1
Note 2.
Energy
2.1 Ideal gases: A simple system to play with
Ideal gases are a natural place to start learning about thermodynamics. We have some
intuition about how gases work and an “ideal” gas is the simplest model. In particular, an
ideal gas is a great model system to learn and test our understanding of thermodynamics
since all of the fundamental thermodynamic properties we will talk about can be found in
them and they allow us to study thermodynamics without getting lost in too much math.
Later on, we will study more realistic gases and see the nature of the differences.
2.1.1 Basic properties
Like many types of matter, we characterize an ideal gas by certain properties: volume
(
V
), pressure (
P
), temperature (
T
), and how many moles of atoms are in the gas (
n
).
There is a simple expression relating these quantities:
PV = nRT
This equation is called the equation
of state
for this system, since it relates the
state
variables
(
P
,
n
,
V
, and
T
) in this case. Actually, many gases behave like ideal gases in
certain conditions (this is called “ideal” conditions).
R is called the gas constant R and
R = 8.314 J/(mol K)
≈
0.082 L atm/(mol K)
You will learn later that R is related to the Boltzmann constant,
k
(=1.38
×
10
23
J/K) and
the Avogadro number
N
A
(=6.02
×
10
23
/mol) by
R =
k
N
A
This equation also tells that
you need only two variables
(two out of P, V and T)
to
define the state of a gas
(with a fixed n). This is true not just for ideal gas but also for
any gas system.
There are two types of properties here:
1.
Extensive properties
are properties which are related to “how much stuff” there is.
For example,
n
and
V
are extensive properties. If the system is duplicated, these variables
get doubled.
2.
Intensive properties
are independent of the size of the system. For example,
P
,
T
, are
intensive properties. So is the density
ρ
= N/V
, where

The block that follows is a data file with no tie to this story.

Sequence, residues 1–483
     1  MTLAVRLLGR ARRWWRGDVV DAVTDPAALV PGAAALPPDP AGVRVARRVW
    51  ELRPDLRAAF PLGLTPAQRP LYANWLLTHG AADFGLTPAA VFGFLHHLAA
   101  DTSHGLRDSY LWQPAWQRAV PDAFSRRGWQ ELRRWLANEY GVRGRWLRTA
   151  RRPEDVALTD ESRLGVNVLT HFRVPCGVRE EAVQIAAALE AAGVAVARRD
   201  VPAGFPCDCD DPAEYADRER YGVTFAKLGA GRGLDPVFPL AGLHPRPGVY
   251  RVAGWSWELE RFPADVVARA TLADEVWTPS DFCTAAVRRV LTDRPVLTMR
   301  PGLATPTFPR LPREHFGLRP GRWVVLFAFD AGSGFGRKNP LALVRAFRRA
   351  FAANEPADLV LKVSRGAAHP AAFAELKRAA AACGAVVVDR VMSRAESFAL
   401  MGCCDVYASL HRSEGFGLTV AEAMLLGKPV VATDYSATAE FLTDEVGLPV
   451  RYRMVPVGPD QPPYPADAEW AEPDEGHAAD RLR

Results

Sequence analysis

N
is the total number of atoms.
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2.1.2 A brief glimpse of phase transitions: Van der Waals equation
When gases cool, they condense to liquids. When liquids cool, they freeze into solids.
These are two examples of phase transitions. However, ideal gases cannot have phase
transitions. This is what is meant by “ideal.” Thus, far from the phase transition, they are
good models, but do not work well near the phase transition.
What makes a phase transition? Interaction between molecules. Gas particles start to
stick together at lower temperatures and form a liquid. How can we model this
interaction? We can modify the ideal gas equation to include interactions. We’ll do so in
two steps:
1. What’s the probability that a gas particle will bump into another one? The density
ρ
=
N/V
is a lot like a probability that we’ll find a given particle at a given spot. If the density
is high, then there is a high probability that the particle is there. The probability of finding
two particles at the same spot goes like the
2
. It’s like what’s the probability of flipping
two coins and having them both come up heads: it’s the probability of one coming up
heads squared.
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 Spring '10
 LIM
 Thermodynamics, Energy, Entropy, gas particles

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